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January 1, 2020 1:00 PM EST

While there has been controversy over when and how often women should be screened for breast cancer using mammograms, studies consistently show that screening can lead to earlier detection of the disease, when it’s more treatable. So improving how effectively mammograms can detect abnormal growths that could be cancerous is a priority in the field.

AI could play a role in accomplishing that—computer-based machine learning might help doctors to read mammograms more accurately. In a study published Jan. 1 in Nature, researchers from Google Health, and from universities in the U.S. and U.K., report on an AI model that reads mammograms with fewer false positives and false negatives than human experts. The algorithm, based on mammograms taken from more than 76,000 women in the U.K. and more than 15,000 in the U.S., reduced false positive rates by nearly 6% in the U.S., where women are screened every one to two years, and by 1.2% in the U.K., where women are screened every three years. The AI model also lowered false negatives by more than 9% in the U.S. and by nearly 3% in the U.K.

“Reading mammograms is the perfect problem for machine learning and AI,” says Dr. Mozziyar Etemadi, research assistant professor of anesthesiology and biomedical engineering at Northwestern University and one of the paper’s co-authors. “AI excels when it has to do the same task over and over again, and has to find the one thing that might appear one time out of 10,000. But I honestly did not expect it to work this much better [than doctors]. I was surprised.”

It’s an improvement over other, smaller studies on AI and mammograms; in one notable one, a machine performed as well as 101 radiologists in reading scans, meaning both had similar rates of false positives and false negatives. This recent study is one of the most statistically significant to date due to its large dataset, and because of the fact that the AI model didn’t just match, but outperformed doctors.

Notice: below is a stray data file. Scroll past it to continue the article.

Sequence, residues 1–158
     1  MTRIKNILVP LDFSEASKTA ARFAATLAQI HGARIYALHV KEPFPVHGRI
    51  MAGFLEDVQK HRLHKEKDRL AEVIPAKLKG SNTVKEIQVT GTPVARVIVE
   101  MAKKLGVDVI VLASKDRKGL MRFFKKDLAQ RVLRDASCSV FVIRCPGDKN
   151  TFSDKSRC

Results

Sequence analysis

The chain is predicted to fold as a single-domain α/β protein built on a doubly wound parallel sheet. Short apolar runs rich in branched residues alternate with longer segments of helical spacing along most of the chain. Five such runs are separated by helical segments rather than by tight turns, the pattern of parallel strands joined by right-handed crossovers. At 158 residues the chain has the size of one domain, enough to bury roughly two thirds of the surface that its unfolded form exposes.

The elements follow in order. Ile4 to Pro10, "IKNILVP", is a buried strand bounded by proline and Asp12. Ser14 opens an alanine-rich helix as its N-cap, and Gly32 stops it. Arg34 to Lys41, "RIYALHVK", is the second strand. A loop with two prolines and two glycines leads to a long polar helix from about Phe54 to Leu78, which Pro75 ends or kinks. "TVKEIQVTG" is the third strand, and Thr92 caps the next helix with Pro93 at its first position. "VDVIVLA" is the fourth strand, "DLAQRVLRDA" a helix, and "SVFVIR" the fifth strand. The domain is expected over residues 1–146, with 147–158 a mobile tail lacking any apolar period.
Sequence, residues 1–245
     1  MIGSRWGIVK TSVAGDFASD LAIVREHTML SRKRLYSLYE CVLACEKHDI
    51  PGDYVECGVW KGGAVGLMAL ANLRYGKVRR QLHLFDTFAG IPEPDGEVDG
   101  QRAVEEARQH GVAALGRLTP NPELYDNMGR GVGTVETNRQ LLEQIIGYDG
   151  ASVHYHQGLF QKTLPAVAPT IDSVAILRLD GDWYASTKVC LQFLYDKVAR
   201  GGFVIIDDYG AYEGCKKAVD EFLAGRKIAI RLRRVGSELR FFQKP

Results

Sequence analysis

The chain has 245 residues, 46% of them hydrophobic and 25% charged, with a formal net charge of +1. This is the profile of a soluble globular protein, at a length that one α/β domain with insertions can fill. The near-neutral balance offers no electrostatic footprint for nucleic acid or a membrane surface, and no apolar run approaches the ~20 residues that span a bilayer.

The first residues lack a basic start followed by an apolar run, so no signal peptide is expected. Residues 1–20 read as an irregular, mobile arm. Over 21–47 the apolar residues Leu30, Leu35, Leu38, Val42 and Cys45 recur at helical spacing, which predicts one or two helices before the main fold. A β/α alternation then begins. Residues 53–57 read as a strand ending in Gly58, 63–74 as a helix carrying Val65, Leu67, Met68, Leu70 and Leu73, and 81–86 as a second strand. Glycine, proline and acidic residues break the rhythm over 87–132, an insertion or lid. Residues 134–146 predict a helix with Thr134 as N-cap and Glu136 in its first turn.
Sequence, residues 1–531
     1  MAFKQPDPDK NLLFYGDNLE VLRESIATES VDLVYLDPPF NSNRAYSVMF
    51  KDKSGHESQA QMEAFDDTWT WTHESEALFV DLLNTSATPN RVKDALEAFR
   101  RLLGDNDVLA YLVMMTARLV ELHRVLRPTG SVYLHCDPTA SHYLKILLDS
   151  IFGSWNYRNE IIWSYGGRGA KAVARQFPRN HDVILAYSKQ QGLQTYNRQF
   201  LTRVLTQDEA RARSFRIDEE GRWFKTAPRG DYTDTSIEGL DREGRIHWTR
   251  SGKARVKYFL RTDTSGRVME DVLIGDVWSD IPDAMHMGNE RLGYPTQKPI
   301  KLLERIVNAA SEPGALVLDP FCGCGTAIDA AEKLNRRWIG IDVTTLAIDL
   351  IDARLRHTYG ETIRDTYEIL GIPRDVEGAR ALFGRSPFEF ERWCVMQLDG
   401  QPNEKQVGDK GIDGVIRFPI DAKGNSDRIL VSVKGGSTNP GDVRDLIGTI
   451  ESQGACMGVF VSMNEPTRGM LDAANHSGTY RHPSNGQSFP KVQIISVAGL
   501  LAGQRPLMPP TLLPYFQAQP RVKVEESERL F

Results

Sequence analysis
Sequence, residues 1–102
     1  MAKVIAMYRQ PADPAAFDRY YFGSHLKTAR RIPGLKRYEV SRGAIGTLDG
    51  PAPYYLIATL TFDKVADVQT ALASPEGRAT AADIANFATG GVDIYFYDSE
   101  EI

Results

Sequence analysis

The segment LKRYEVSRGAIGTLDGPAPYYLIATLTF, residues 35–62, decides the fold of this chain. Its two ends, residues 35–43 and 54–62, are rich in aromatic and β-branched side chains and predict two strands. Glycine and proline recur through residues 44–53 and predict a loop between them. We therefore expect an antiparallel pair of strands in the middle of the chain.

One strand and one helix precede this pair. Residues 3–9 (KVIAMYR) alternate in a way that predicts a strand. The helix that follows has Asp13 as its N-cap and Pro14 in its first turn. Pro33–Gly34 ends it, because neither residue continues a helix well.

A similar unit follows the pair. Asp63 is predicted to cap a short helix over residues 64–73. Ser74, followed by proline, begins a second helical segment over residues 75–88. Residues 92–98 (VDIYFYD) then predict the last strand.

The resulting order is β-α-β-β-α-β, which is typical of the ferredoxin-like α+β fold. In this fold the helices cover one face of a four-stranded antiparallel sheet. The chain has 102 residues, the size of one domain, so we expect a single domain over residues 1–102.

Once the team knew the AI could be trained to effectively read mammograms on both the UK and U.S. data set, they ran another test: if they trained the algorithm on the U.K. data, then used it on the U.S. data, could it still accurately predict breast cancer? Indeed, the AI had 3.5% less false positives and 8.1% less false negatives than the doctors. “That’s encouraging because in the real-world situations where we want to get our models, that’s what is going to happen; it will be used on populations on which it hasn’t necessarily been trained,” says Shravya Shetty, technical lead at Google Health.

The algorithm was based on one the Google Research team initially developed for detecting diabetic retinopathy from retinal scans, then reconfigured to read CT scans for lung cancer. One advantage of the Google platform, says Etemadi, is its unmatched computing power. As the resolution of mammography images has improved in recent years, they’ve become so dense with data that the human eye (even one belonging to a highly trained radiologist) may not be able to process completely. Most hospital computer systems aren’t powerful enough to even load the entirety of information provided in modern mammograms, so radiologists see only selected information. Google’s computing power allowed the algorithm to process nearly every available pixel.

In order for an AI algorithm to recognize abnormal lesions in breast tissue, the model needs to be trained with a huge number of mammogram images—the more the better—and those images need to be linked to outcomes such as cancer, or benign lesions. The size of the database in this study provides more confidence that the algorithm could potentially be useful in a medical setting.

For now, experts see AI as a supplement to radiologists reading mammogram images, rather than as a replacement. For example, AI models could perform the first pass of evaluations, leaving experts, who fold in other valuable information such as a woman’s family history of cancer, her health status, and more, to interpret more difficult cases. “Health care is being squeezed with the number of patients increasing and the amount of time that doctors have to see patients decreasing. So tools like these are what every physician is hoping for,” says Etemadi. “We just have to better understand when tools like AI help and when it doesn’t and ultimately come up with the combination of technology and human contributions what will ultimately improve care and make it more efficient.”

Contact us at letters@time.com.

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